Colored Pencil Defined

Colored pencil is most easily defined by its very name. The proliferation of new art materials, however, can make it difficult to determine exactly which products are truly colored pencils. The appearance of the material is not a deciding factor, nor is the technique used for application. Instead, the artist should consider the nature of the color-producing material it contains.

The part of the colored pencil that applies color onto a surface consists of pigments and/or coloring agents combined with a binder (wax, oil, water-soluble gum, or combinations thereof) and other additives. It is the ratio of binder to pigment that matters here. The medium of colored pencil falls about midway along a continuum of drawing materials that goes from very dry with minimal binder (e.g., soft pastels and pastel pencils) to softer with a higher ratio of binder to pigment (e.g., oil bars, oil pastels, water-soluble paint sticks).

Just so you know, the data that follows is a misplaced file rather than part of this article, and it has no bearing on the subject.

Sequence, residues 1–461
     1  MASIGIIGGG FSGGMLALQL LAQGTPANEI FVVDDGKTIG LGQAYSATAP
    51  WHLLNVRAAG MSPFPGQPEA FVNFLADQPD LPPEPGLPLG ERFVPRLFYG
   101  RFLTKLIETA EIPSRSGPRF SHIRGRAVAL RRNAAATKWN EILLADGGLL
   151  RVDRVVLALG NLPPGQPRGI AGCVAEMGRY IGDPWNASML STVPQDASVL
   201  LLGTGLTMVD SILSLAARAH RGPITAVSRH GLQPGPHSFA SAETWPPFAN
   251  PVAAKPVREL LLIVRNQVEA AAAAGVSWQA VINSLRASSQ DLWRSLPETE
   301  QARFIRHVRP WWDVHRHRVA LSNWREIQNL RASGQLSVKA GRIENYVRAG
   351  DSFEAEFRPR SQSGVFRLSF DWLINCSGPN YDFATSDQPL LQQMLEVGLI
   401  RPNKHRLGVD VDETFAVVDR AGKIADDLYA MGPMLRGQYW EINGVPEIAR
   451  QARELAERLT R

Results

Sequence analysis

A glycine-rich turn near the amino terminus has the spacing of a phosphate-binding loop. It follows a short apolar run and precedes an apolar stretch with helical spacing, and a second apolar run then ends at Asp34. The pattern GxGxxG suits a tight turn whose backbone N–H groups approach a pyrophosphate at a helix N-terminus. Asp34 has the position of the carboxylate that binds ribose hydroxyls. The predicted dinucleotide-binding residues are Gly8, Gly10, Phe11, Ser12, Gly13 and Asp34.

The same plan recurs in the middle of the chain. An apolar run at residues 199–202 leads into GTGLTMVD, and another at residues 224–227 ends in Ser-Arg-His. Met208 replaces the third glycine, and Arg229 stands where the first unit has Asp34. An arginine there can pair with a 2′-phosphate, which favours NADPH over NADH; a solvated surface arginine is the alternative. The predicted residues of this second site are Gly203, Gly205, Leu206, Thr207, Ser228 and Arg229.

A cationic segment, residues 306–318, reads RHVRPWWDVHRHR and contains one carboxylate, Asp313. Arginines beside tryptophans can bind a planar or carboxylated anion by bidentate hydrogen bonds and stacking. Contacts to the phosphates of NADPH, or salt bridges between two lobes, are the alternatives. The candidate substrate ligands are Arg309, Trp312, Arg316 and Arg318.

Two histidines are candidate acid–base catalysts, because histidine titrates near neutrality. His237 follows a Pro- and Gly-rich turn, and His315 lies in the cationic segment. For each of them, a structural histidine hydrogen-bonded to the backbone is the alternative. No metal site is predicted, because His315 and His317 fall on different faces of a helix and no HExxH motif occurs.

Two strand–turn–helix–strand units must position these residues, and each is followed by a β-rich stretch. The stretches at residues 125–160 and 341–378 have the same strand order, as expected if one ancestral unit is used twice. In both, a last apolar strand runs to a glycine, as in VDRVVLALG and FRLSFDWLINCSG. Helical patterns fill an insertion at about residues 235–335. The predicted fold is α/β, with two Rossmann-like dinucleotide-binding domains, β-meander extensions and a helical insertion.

Once a product qualifies as a dry drawing material, it must meet three additional requirements to be considered a CPSA-approved colored pencil:

CPSA-approved colored pencil materials must come in a solid, hard, dry form.

This includes regular wood-cased colored pencils, woodless colored pencils and sticks, and water-soluble pencils and sticks. It excludes materials at the soft end of the continuum, including materials that come in soft, malleable stick form, such as oil bars, oil pastels, encaustics, and water-soluble paint sticks.

CPSA-approved colored pencil materials cannot be brushed off.

This requirement excludes materials at the very dry, minimal-binder end of the continuum, including soft pastel sticks, pastel pencils, and dry (unbound) pigments. While it is possible (and recommended) to brush off stray crumbs of colored pencil left behind after layering colored pencil on a surface, the layer of colored pencil that was applied, when brushed, will be left completely intact and unaffected.

CPSA-approved colored pencil materials must dry completely.

Colored pencils, when used dry and without heat, will deposit one or more cohesive, blended layers of color that are dry to the touch and cannot be easily gouged or otherwise marked with the hand. It is permissible to manipulate the pigment layer(s) of colored pencils with water and other solvents or with heat, and colored pencils will once again be completely dry to the touch after the solvents have evaporated or the layers have cooled.

If you have questions about which products you may use, please refer to the list of acceptable products for CPSA exhibitions.